What can equine armour tell us about the warhorse that wore it?

As you will have seen from previous posts, our project team are busy trying to find out as much as we can about the size and shape of medieval horse types from their skeletons. However, warhorses also had exoskeletons (external skeletons). While we might think of animals with exoskeletons as being creatures such as insects and crabs, warhorses had artificial exoskeletons in the form of armour. What can horse armour tell us about stature and shape of the horse that it fitted?

On the face of it, this sounds easy. The size of armour surely tells us a lot about size of horses selected for warfare and jousting. When one starts to examine the prospect more closely, however, some difficulties emerge. Leg lengths tell us most about withers heights, but horses didn’t wear greaves. Peytrals and cruppers certainly tell us a bit about the width of a horse’s chest or rump, respectively, but they don’t tell us much about height as they differ greatly in design in that respect. The crinet on the neck is designed to expand and contract with head movement, so there are not appropriate fixed points to measure. The other big problem with horse armour is its rarity: pieces survive in fairly small numbers, mainly in important museum collections. We are going to take measurements where we can, but those elements are unlikely to yield the datasets we need.

Shaffrons, on the other hand, survive it quite large numbers and were fitted quite closely to the horse’s face, with just a little paddling in between. They might give us lots of data on the size and shape of horse’s heads.

Shaffron being measured

A 16th Century shaffron being measured in the collections of the Royal Armouries (Photo: O. Creighton).

Diagram showing shaffron measurements

We are taking many measurements, both in straight lines and in contour between key landmarks on the shaffrons.

Deciding what to measure on shaffrons is not easy as they also vary in design quite considerably. Some extend fully from the back of the head to the nose, but then have a wide range of designs around the nasal area. Some ‘half shaffrons’ don’t extend as far as the nose. Shaffrons also vary in the way they extend down the cheek, with some having separate cheek pieces. Eyes holes can be plain or have additional guards of different types. Our best course of action is to be thorough in our metrical recording, so that we don’t regret the choices we made at a later point.

While some measurements will mainly tell us about shaffron design, there are others that relate directly to the size and shape of the horse’s head. These include overall width measurements and measurements between eye and ear holes in various combinations. Overall length is quite difficult because of the difficult designs at the nose. We have started to collect our shaffron data, but there is much yet to do. We have also been carrying out equivalent measurements on live horses of different type, breed and withers height so that we can understand what our shaffron data mean.

measuring equipment

Our measuring equipment and recording form ready for use (Photo: O. Creighton).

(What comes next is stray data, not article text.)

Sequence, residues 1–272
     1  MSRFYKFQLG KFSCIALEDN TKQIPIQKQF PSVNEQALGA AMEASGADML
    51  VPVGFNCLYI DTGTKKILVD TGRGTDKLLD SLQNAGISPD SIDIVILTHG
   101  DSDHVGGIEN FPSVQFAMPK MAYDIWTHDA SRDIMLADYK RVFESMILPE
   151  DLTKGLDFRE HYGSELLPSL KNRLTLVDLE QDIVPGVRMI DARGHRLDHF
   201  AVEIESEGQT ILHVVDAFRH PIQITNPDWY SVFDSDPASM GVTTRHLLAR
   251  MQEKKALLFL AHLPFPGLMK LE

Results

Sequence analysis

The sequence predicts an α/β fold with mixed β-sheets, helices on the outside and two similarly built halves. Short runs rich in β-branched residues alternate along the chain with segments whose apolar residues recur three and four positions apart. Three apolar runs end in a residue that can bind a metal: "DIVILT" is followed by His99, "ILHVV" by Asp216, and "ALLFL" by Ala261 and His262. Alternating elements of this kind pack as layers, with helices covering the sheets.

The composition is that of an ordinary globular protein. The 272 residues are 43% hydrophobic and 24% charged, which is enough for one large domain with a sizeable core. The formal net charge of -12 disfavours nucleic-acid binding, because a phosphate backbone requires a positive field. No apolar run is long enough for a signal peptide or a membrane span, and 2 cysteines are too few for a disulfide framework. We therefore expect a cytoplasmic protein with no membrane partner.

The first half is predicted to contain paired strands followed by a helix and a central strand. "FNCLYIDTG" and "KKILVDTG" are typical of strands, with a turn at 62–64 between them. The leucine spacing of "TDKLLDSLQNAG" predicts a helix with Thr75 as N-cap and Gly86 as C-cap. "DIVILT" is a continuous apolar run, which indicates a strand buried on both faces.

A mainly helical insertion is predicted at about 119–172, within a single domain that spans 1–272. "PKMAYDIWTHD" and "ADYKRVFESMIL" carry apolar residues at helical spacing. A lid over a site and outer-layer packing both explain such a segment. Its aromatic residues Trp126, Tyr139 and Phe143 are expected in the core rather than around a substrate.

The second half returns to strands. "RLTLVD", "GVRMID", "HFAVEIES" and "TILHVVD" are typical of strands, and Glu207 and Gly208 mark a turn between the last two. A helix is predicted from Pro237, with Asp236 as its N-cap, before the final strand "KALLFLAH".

half shaffron being measured

A half shaffron being measured in the Royal Armouries stores (Photo: O. Creighton).

horse being measured

Our honorary fellow Karina Rapp, measuring one of our sample of live horses.

 

We’ve still got to measure many more shaffrons and horses, but what do we know so far? As you might imagine, horse head size doesn’t have a simple relationship to withers heights, but there is nonetheless some relationship, and we will be able say something about varying stature and head shape. We can already see that shaffrons can be of radically different sizes and some were clearly fitted to pony-sized animals. However, there are some impressively large examples out there too! As our project develops, it will be fascinating to see how our data from shaffrons relate to the zooarchaeaological material, especially in terms of trying to answer the big question about the size and appearance of medieval ‘great’ horses…

2 thoughts on “What can equine armour tell us about the warhorse that wore it?

  1. Ed Waite

    I think that analysis of surviving saddles could also be a rich field for research into medieval horse conformation. I have now built around two dozen reproduction war saddles, and a couple of things really puzzle me about the shape of surviving original saddles. One is how narrow they are, and the second is the lack of any cut out for wither clearance. I’d love to know of this is something you are also planning on looking into.

    Reply
    1. Helene Benkert

      Saddles would be very interesting to look at indeed. Unfortunately however, only very few saddles survive due to the materials used and sadly we probably won’t have the time to look at them properly within the frame of this project.
      The 2 points you raise are certainly very interesting and I imagine both might be related to a different way of seating the saddle on the horse’s back. Alternatively, therein might lie an answer to certain pathologies we see in the spine.
      We were recently involved in a discussion on Twitter regarding saddles, perhaps you would like to take a look. We’d also love to see some of your saddles – if you’d like to post a few pictures perhaps we can have a discussion on Twitter involving the horse history community.

      Reply

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